Have not stayed overnight here yet due to covid19 restrictions. But day pass use and hiking. Trails are mostly easy, some are completely flat and paved. One trail was nice, moderate difficulty and unpaved. Lots of history here but nothing was open for self guided tours yet. Nice fishing hole in front reservoir.
Did primitive camping for the first time…it was an experience I will not ever forget. The trail to my campsite was full of deer.
A few times a year, the City of Jacksboro opens its arms to an influx of campers and schools from around the state eager to see one of the unique reinactments at the historic location of Fort Richardson.
While you can visit during other times of the year, these times make for some of the most popular and thus most busy camping experiences.
7 different types of campsites are available including group sites, equestrian sites, full hook up and primitive sites for RV and tent campers. Sites range from $10-$25 depending on the area and amenities.
For someone like myself who prefers primitive tent camping or less amenities I found $10 tent sites were about a 3/4 mile hike in and $20 limited amenity campsites were my best options. The benefits to the $20 North Loop site was pretty obvious in restrooms and typical state park fire rings and picnic tables. Primitive sites include only fire rings and because of their remote location in warmer months can be more of a questionable location as taller grass can Harbor more snakes, specifically in this area Rattlesnakes and Copperheads.
These fees were in addition to standard park admission which is $3 per day for adults. All of these fees are due upon entrance at the entry station where you will be greeted by a park ranger and given a map.
While there is a lake, hiking and areas for horseback riding my focus upon my visit was one of the reinactments events held near Christmas. “Ghosts of Christmas Past” is an event set to showcase the period of the fort days and tell the story of how soldiers spent the time, what it might have been like on those cold winter nights and create a vision of fort life. It was a great educational visit and a great way to see a bit more of the State Park.
With this being a short drive for me from my home, I find this campsite and full facilities to be very exciting to return for other events. Well maintained and with friendly staff it is well worth the trip.
I have camped here multiple times with my son and a couple of other times with the Scout troop. If you have kids, the fort buildings are always a hit. They have restored the old hospital building & the officers' living quarters. Decent trail system for short or longer hikes. Usually not too crowded and campsites have decent spacing.
This is a fun little state park was just perfect for a little Saturday night away. It is just a little less than 2 hours from Fort Worth. I would say that the park is good for short stays of 1 to 3 nights. There is not a lot to do in the area or the park that would keep attention more than that. The park has a stocked fishing lake and equipment for loan. There is all the fort buildings to explore with rangers giving talks and various activities. There is the trail system between the park and Lost Creek Reservoir for hiking and horseback riding about a 10 mile trails. The park also has a full sized sand volleyball court and playground for the kids.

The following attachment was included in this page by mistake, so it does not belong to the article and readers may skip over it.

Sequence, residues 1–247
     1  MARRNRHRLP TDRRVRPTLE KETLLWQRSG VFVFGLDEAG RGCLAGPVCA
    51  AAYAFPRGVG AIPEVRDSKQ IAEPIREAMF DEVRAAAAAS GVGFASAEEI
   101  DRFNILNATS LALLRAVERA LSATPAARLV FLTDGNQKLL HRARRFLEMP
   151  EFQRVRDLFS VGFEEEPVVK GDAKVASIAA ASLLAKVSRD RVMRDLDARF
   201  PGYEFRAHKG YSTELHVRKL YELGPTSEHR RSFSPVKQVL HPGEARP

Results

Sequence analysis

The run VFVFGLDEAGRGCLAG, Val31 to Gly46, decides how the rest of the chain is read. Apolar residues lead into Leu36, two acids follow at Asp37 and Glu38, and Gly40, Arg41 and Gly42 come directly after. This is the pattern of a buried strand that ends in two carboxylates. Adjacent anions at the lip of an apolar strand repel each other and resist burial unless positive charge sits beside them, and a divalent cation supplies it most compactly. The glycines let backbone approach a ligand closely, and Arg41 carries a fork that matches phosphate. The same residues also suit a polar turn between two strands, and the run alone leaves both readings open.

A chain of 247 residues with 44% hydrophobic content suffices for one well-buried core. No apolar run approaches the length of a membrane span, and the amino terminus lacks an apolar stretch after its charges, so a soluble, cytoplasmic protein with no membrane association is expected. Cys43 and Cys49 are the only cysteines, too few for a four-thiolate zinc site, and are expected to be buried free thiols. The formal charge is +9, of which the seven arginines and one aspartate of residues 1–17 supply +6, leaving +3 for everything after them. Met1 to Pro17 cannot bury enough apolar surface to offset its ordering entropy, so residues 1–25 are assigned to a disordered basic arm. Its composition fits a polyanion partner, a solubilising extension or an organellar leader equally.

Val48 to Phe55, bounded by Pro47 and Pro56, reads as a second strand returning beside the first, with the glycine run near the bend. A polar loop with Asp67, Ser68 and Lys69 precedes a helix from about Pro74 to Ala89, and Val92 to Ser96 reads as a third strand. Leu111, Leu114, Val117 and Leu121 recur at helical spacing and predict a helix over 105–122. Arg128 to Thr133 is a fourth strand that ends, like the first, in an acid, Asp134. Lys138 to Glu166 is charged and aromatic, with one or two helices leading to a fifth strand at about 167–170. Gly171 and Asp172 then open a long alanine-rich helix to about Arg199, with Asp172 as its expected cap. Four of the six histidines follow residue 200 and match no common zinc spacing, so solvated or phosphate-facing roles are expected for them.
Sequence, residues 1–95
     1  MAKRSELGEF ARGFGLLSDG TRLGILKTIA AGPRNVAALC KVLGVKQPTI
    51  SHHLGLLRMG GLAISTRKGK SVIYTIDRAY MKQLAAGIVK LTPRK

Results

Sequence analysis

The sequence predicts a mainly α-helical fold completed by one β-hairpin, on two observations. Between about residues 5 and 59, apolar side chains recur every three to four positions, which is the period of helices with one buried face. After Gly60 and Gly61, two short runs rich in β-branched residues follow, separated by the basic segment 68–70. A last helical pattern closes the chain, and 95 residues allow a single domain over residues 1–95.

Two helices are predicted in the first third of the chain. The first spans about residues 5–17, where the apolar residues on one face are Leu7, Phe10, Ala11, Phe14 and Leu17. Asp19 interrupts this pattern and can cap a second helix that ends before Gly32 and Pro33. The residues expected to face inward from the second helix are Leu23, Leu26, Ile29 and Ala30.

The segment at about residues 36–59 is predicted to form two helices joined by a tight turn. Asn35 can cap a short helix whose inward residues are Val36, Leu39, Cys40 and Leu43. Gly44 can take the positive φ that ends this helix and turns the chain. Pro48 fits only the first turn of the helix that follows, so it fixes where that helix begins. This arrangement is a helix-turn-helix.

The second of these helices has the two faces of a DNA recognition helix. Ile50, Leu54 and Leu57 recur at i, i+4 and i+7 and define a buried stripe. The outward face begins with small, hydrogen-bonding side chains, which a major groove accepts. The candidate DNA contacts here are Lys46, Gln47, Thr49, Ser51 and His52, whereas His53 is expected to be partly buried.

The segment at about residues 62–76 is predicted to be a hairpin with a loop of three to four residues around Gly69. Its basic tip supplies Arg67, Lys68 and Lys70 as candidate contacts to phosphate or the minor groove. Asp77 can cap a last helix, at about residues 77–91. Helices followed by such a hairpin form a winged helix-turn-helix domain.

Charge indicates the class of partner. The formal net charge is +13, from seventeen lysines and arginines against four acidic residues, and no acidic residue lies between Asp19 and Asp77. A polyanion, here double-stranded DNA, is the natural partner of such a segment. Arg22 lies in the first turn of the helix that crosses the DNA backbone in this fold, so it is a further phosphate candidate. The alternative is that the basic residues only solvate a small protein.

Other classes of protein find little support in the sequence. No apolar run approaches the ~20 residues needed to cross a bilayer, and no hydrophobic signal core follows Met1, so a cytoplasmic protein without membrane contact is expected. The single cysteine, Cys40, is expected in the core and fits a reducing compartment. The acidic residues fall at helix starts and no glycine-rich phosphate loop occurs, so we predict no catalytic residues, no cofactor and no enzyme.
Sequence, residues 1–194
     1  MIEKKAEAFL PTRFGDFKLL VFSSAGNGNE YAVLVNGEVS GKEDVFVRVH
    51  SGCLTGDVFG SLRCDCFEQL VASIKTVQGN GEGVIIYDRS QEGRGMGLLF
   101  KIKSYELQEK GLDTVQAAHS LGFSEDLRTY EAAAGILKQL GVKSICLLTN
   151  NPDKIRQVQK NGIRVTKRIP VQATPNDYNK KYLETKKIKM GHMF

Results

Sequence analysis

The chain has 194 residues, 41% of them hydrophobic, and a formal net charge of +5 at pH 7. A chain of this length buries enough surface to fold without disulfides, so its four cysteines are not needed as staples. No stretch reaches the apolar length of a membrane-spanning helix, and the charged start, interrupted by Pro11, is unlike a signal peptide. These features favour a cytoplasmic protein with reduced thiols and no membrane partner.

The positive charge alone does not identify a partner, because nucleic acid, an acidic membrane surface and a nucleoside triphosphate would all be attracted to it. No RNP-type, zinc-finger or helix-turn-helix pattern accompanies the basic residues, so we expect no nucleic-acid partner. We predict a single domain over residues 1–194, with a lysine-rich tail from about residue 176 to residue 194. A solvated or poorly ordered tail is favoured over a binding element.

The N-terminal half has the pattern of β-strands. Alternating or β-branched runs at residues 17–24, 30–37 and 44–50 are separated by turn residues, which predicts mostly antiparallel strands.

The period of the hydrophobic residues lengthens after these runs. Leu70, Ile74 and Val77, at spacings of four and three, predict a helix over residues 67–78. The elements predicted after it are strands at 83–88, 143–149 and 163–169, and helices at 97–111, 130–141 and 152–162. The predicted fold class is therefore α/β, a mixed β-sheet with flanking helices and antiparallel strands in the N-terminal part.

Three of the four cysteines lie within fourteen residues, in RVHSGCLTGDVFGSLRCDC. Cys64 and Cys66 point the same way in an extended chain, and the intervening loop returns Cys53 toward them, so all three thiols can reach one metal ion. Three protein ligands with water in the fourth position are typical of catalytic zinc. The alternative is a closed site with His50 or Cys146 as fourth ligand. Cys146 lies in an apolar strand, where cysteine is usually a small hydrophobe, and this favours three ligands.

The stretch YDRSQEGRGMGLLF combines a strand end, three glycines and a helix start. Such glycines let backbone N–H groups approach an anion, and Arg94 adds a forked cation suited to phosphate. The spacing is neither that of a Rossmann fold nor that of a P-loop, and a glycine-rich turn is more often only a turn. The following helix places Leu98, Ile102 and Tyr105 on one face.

The campsites are very good sized with two different camping areas. One the sites are pretty spread out with easy pull ins and flat. The other has a the cabins and sites are more close together. The parks only bathhouse is on this side also. It's not far but a bit too far for convenience if you are needing a shower. Restrooms are also in the fort area which is just down from the other campground. We were only there one night so the kids washed up in the creek LOL. The sites all have picnic tables and fire rings/pits.
We put up our large tent and dog trolley line with still plenty of space. The creek running behind the (with a big fan blowing) kept us nice & cool.
The local sheriff and police make drive throughs, No safety or security issues.
No issues with noise either.
I took my daughters camping here since it is one of the few parks within an hour of DFW. Getting there was a breeze since it is mostly freeway and highway. I made a reservation since the nice weather seem to be filling up most parks. While this one was almost at capacity, we did not feel crowded. We took a self guided tour of the grounds and visited the hospital, morgue, bakery, bridge, officer quarters and the nature center. Most of the building had interesting things to see. The hospital has some preserved critters like giant centipedes while the nature center has taxidermied animals you can touch (carefully of course). Also, make sure you make the hike to the rumbling spring. It's beautiful. If you need food, there is a grocery store just down the road. If you enjoy alcohol though, you'll need to bring your own. My only complaint about the park was the ground is very rocky, but there were no pads to put your tent on which made staking very difficult.